Did you know that the way your dog is peeing — or not — can give you some important information about their urinary, and even overall health. This article will highlight some of the signs you may notice when your dog pees that could indicate that a vet visit is needed.
Straining While Peeing
If your dog is struggling or straining while they’re peeing, it could actually be a very serious emergency condition. Both male and female dogs can have their urethra (the tube that connects the bladder to the outside world) blocked by a urinary stone, scaring, inflammation, or even a tumor. Male dogs can also suffer a urethral blockage from an overly enlarged prostate (more of a problem in male dogs that haven’t been neutered, as the prostate grows under the influence of testosterone). You should always err on the side of caution if you see your dog straining to pee and bring them for immediate veterinary evaluation. Even if they’re not “blocked,” your dog will be happy that you had them checked to be sure.
Blood in urine,
Though it may not be your favorite topic to think about or discuss, your dog’s poop can actually provide some good clues about their health. Now, I’m not going to go so far as to say that, like the eyes are the windows to the soul, poop is the window to overall health … but it definitely can provide a glimpse! So here’s the skinny on why you should go outside with your dog when they go to the bathroom and generally pay attention to your dog’s poops. They could be trying to tell you something.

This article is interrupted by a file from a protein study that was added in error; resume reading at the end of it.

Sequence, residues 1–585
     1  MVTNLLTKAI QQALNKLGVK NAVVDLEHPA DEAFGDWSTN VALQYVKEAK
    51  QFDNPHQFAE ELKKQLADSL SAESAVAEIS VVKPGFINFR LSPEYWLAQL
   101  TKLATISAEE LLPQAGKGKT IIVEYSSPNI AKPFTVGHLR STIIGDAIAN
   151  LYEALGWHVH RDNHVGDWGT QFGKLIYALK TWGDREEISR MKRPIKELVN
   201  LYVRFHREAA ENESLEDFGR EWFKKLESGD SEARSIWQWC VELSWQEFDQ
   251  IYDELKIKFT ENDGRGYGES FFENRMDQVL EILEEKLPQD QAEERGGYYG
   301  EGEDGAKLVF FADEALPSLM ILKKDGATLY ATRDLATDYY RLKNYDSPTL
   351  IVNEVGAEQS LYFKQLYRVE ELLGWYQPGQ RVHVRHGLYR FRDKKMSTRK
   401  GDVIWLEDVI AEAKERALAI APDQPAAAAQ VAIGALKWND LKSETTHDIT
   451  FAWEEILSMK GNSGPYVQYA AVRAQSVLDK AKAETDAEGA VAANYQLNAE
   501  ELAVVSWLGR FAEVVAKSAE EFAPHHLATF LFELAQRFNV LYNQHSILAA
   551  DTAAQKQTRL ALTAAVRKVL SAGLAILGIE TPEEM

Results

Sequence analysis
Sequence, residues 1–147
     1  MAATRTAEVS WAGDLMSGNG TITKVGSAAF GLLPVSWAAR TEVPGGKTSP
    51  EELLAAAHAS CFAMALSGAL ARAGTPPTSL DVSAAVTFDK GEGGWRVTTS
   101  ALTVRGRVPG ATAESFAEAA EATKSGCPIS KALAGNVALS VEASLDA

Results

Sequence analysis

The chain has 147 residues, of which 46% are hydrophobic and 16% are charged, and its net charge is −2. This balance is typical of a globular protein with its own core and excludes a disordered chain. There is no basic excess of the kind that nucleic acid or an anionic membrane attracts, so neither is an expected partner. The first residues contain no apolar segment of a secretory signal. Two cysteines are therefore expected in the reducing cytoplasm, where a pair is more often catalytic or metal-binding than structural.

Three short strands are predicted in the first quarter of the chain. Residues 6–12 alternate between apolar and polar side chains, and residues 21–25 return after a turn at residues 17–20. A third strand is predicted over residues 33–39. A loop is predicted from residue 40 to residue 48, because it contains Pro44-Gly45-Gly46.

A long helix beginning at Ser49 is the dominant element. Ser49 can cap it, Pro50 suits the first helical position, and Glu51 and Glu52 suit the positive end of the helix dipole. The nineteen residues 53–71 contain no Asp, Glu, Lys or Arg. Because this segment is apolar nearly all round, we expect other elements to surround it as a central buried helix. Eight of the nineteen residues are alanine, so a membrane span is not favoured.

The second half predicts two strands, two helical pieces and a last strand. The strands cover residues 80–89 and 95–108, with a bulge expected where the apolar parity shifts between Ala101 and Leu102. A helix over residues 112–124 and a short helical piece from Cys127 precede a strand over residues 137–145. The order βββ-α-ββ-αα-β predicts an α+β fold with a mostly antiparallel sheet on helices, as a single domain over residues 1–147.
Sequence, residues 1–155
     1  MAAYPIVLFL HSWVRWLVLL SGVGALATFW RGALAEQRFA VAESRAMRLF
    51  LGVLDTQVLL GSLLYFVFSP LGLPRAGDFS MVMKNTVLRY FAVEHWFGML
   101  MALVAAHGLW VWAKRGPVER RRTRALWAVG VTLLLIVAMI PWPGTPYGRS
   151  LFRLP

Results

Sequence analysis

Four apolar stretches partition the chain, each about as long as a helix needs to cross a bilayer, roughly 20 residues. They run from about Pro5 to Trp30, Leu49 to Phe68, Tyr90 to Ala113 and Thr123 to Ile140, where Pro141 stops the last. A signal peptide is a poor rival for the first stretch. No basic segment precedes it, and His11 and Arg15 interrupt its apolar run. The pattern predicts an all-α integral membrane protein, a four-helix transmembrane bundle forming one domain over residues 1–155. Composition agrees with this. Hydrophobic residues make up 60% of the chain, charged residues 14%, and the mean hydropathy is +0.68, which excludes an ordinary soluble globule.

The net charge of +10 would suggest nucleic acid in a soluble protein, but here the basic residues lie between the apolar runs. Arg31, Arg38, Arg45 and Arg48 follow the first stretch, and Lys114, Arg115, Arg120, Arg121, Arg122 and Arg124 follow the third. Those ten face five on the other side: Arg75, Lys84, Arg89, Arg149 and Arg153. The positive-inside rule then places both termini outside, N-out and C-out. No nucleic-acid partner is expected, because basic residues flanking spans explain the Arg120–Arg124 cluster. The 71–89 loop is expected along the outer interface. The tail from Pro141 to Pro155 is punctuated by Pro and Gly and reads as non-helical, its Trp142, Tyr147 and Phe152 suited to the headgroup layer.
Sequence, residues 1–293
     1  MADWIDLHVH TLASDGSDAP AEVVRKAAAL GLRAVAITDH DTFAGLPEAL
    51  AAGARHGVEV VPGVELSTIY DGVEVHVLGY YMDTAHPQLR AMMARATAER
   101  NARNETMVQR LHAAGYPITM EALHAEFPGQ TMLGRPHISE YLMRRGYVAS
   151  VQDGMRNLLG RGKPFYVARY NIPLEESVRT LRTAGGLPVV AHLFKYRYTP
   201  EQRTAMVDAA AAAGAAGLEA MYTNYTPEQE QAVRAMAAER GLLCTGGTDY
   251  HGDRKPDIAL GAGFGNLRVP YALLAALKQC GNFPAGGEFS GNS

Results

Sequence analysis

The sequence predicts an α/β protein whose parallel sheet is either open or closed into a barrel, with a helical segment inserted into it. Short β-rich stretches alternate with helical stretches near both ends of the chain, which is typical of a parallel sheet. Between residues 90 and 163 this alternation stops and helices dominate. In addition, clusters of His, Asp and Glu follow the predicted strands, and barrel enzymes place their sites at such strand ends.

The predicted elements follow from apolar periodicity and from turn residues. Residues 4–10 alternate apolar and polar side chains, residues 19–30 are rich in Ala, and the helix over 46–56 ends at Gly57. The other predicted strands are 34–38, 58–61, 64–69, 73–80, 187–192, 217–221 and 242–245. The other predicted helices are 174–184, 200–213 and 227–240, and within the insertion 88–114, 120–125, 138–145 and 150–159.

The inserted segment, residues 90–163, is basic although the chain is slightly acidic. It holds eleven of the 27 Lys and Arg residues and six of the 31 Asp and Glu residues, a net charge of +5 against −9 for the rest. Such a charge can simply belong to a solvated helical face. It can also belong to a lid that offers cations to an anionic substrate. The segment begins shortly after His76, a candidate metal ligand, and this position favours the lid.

Dog Poo 'Ground Rules'
The poop and pooping characteristics outlined below are a general guide. What’s also very important is a “change in normal” for your specific dog. For example, if your dog normally has slightly “soft” stools and is doing well, then all of a sudden develops firm, dryer stools … that could be an indication of a problem. Or visa versa. Or if they normally poop three times a day, and then suddenly start pooping just once a day (without any changes in diet or exercise), then that is a change that should be investigated with your vet. And so on.
Outfitting Your Dog’s Crate Safely
What is and isn’t safe or OK to put in your dog’s crate is a pretty common question we get asked here at Preventive Vet. People often want to know … Is it ok to leave food or water in my dog’s crate? Should I leave one of my t-shirts in my puppy’s crate? What about towels and other bedding? Chews and other toys?